“That’s the vision that we’re working towards but I think in the last five years we’ve grown a lot and have gotten about 30,000 people into treatment through our law enforcement partners,” she reported. “Still, overdoses are on the rise and we know that there is so much work to do.”

Hunter, who travels extensively around the country to trainings, chapter launches and conferences, said she is excited about the program’s development in Genesee County.

“For me, it’s really rewarding to get to be a part of local program launching and thinking about the ripple effect that will have on families and individuals that have been affected by addiction,” she offered. “For me to be able to be here in person and to meet the people behind it and see how PAARI has been part of that is really rewarding and exciting.”

PAARI’s funding comes mostly through grants and a “couple of federal organizations,” Hunter said, mentioning the Substance Abuse and Mental Health Services Administration and the Corporation for National and Community Service, a federal agency that manages the AmeriCorps program.

The Genesee County PAARI program is sponsored by the Greater Rochester Health Foundation, Genesee/Orleans Council on Alcoholism and Substance Abuse, GOW Opioid Task Force, and a grant from the health department.

For more information, contact Ferraro at [email protected].

Disclosure: Mike Pettinella is a publicist for GCASA.

Photo: Allie Hunter, executive director of PAARI, meets with public safety officials at Batavia Fire Department headquarters. From left are John Bennett, GCASA executive director; Interim Fire Chief Dan Herberger; Hunter; Fire Captain Greg Ireland; Sheriff's Sgt. Brian Frieday; Batavia PD Assistant Chief Chris Camp; Sgt. Emily McNamara of the Le Roy Police Department was also part of the discussion. Photo by Mike Pettinella.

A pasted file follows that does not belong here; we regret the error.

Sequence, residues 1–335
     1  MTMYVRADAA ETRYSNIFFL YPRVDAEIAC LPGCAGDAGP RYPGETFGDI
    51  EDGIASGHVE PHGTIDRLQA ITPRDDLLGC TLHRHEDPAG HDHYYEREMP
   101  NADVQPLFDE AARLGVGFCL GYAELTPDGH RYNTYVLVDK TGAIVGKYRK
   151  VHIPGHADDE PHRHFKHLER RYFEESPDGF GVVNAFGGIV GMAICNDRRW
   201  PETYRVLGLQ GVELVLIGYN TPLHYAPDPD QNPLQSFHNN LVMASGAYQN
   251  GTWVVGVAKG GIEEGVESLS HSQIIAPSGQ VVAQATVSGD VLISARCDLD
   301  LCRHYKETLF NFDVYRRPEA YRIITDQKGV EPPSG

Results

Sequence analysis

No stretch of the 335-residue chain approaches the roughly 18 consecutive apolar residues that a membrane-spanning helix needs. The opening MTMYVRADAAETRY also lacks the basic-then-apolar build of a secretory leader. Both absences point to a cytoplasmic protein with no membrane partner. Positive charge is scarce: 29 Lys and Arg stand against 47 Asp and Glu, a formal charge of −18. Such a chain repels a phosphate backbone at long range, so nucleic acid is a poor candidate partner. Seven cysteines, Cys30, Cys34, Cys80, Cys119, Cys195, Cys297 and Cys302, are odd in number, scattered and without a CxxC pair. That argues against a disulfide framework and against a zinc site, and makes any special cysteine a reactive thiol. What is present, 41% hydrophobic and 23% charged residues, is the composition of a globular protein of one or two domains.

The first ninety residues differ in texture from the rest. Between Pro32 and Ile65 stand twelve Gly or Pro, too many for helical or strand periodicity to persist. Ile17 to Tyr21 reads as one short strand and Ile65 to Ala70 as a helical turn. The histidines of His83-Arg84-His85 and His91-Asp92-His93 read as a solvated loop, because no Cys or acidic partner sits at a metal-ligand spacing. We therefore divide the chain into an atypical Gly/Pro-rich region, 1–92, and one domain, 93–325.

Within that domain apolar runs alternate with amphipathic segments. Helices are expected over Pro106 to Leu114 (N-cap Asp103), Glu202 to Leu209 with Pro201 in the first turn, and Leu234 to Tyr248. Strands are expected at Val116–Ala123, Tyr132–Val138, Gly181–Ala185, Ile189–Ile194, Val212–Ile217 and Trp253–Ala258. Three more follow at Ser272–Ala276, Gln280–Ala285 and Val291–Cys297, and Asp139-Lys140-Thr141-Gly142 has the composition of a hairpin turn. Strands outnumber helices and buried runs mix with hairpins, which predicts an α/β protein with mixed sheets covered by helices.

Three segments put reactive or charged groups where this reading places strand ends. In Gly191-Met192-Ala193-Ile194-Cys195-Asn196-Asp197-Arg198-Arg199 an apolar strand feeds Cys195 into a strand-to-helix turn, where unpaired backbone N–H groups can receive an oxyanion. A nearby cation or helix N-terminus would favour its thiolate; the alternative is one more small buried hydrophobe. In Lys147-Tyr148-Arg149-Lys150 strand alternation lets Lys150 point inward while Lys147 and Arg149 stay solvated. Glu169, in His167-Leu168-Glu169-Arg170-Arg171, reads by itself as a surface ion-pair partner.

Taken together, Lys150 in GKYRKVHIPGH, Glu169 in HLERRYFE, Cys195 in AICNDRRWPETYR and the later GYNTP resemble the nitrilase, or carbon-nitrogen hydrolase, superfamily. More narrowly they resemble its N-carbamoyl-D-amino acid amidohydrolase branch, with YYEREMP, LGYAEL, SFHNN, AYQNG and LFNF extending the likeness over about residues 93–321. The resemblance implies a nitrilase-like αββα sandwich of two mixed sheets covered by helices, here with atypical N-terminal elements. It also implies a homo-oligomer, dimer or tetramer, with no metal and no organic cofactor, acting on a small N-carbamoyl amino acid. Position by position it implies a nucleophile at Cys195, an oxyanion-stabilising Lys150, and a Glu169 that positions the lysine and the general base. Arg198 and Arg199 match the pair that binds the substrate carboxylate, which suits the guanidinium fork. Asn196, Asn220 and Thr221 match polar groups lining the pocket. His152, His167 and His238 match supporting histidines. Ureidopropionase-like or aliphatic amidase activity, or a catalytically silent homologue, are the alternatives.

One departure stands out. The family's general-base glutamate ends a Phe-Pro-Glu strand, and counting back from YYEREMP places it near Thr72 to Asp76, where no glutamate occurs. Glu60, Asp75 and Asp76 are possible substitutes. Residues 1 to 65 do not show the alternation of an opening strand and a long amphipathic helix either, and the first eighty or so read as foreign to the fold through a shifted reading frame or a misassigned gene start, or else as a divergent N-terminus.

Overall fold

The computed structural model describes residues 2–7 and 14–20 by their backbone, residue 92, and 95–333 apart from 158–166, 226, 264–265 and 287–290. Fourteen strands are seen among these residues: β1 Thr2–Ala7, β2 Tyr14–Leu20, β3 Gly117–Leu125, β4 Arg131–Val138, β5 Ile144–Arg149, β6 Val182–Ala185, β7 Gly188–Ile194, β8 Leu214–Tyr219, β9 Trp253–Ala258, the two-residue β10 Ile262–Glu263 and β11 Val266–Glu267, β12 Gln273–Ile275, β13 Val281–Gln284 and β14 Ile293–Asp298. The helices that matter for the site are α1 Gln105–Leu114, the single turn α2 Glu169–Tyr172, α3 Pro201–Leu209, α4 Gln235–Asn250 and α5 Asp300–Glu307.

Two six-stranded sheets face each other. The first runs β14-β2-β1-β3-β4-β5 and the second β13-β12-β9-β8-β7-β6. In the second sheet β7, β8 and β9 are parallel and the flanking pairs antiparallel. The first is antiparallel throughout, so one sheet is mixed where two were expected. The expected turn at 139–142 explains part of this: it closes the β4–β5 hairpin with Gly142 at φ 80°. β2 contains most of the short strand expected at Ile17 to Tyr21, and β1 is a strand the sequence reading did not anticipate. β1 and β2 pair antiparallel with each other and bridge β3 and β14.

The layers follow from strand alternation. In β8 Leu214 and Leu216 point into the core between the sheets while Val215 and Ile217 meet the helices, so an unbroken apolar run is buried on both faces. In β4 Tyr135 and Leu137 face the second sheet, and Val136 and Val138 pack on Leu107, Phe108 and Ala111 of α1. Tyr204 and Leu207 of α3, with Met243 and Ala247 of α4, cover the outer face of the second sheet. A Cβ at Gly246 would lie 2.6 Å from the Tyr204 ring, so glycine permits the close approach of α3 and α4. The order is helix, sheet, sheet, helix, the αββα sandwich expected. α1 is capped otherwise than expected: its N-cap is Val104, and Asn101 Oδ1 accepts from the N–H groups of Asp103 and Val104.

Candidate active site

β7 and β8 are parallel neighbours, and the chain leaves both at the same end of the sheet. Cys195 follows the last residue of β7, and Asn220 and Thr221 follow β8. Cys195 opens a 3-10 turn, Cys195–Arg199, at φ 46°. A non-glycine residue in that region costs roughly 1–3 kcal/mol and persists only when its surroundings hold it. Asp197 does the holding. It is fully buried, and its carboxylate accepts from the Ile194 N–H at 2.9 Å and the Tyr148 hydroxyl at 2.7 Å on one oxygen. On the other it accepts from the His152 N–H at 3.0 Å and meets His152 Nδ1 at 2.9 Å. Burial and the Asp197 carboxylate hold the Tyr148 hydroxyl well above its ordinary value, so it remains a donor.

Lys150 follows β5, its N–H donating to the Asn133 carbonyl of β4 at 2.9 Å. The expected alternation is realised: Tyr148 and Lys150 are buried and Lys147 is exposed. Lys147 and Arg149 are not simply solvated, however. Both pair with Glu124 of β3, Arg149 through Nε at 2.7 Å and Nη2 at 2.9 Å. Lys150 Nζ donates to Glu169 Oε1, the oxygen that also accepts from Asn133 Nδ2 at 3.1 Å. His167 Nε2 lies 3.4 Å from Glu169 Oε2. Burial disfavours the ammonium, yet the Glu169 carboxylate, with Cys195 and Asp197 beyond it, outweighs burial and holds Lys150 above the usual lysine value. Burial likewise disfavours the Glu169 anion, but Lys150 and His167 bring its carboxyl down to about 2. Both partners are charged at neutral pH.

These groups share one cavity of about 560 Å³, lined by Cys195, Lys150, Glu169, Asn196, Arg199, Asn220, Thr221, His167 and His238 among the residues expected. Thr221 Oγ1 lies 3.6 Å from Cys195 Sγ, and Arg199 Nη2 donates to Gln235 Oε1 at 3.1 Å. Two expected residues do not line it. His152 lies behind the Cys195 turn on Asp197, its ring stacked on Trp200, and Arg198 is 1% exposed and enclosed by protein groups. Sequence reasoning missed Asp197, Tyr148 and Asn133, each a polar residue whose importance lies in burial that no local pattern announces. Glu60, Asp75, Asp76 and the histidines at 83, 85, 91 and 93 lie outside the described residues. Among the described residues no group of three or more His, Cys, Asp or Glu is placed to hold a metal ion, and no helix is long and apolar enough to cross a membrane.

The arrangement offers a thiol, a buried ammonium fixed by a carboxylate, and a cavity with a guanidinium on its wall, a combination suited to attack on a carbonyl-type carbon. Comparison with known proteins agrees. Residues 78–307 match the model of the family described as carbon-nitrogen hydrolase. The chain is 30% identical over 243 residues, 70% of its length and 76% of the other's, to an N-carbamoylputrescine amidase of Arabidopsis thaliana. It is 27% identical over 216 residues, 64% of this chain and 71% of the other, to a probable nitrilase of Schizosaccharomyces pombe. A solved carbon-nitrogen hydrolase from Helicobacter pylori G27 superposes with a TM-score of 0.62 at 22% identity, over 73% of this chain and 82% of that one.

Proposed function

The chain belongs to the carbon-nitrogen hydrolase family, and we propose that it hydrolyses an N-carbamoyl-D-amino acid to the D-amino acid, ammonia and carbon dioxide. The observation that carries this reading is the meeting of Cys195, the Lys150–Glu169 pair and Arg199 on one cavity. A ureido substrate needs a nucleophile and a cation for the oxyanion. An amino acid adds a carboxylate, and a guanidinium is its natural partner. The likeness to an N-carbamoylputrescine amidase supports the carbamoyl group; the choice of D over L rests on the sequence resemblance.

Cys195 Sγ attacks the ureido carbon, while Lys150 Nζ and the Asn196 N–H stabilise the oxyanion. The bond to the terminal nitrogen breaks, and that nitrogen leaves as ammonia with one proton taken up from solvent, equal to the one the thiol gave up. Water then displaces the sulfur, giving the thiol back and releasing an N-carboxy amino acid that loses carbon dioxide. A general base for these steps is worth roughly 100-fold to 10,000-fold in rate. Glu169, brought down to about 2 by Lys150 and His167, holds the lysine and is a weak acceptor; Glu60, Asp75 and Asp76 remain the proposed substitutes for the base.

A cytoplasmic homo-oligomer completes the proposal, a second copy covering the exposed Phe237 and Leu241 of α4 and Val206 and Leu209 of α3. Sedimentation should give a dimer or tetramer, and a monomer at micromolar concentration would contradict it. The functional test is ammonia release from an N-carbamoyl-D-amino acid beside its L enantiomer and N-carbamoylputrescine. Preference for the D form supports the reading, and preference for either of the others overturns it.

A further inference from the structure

July 10, 2021 - 12:08pm


Submitted photo and press release:

Leaders of the Public Safety Assisted Addiction & Recovery Initiative in Genesee County have been informed that Allie Hunter, PAARI’s national executive director, will be coming to Batavia to speak at Tuesday’s event showcasing the participation of the City of Batavia Fire Department.

The program is scheduled from 11 a.m. to 1 p.m. at fire headquarters at 18 Evans St.

Hunter (photo at top), in her role as executive director of the Boston, Mass.-based organization, coordinates training, technical assistance, and strategic guidance to police to help them when dealing with individuals using alcohol or drugs, or in recovery.

An authority on policing as it relates to the opioid epidemic, she was deputy director of the Nonviolent Initiative for Democracy, and has worked at several other Boston-area nonprofit agencies, including ZUMIX and Bikes Not Bombs.

In the spring of 2017, Hunter received a Nonprofit Excellence Award and was named Young Professional of the Year by the Massachusetts Nonprofit Network. In fall 2018, she accepted an AmeriCorps Excellence Award for PAARI’s first-of-its-kind program that embeds national service members in police departments to address the opioid epidemic.

PAARI, officially known as Police Assisted Addiction & Recovery Initiative, is designed to provide support and resources to help law enforcement agencies nationwide create non-arrest pathways to treatment and recovery.